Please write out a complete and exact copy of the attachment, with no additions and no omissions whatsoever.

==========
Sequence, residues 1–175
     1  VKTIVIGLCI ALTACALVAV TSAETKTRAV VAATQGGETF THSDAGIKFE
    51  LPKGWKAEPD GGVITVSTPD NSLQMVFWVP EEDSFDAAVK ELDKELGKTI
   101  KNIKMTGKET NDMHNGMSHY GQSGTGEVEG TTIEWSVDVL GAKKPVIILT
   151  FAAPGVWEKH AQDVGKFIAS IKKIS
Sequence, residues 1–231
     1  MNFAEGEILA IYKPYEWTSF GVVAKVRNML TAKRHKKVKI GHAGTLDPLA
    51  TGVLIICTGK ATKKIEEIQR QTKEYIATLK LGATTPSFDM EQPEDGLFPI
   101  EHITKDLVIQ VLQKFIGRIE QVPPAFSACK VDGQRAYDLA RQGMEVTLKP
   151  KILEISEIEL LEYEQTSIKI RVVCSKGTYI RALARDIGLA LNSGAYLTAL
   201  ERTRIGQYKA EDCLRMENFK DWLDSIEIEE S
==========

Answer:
Sequence, residues 1–175
     1  VKTIVIGLCI ALTACALVAV TSAETKTRAV VAATQGGETF THSDAGIKFE
    51  LPKGWKAEPD GGVITVSTPD NSLQMVFWVP EEDSFDAAVK ELDKELGKTI
   101  KNIKMTGKET NDMHNGMSHY GQSGTGEVEG TTIEWSVDVL GAKKPVIILT
   151  FAAPGVWEKH AQDVGKFIAS IKKIS
Sequence, residues 1–231
     1  MNFAEGEILA IYKPYEWTSF GVVAKVRNML TAKRHKKVKI GHAGTLDPLA
    51  TGVLIICTGK ATKKIEEIQR QTKEYIATLK LGATTPSFDM EQPEDGLFPI
   101  EHITKDLVIQ VLQKFIGRIE QVPPAFSACK VDGQRAYDLA RQGMEVTLKP
   151  KILEISEIEL LEYEQTSIKI RVVCSKGTYI RALARDIGLA LNSGAYLTAL
   201  ERTRIGQYKA EDCLRMENFK DWLDSIEIEE S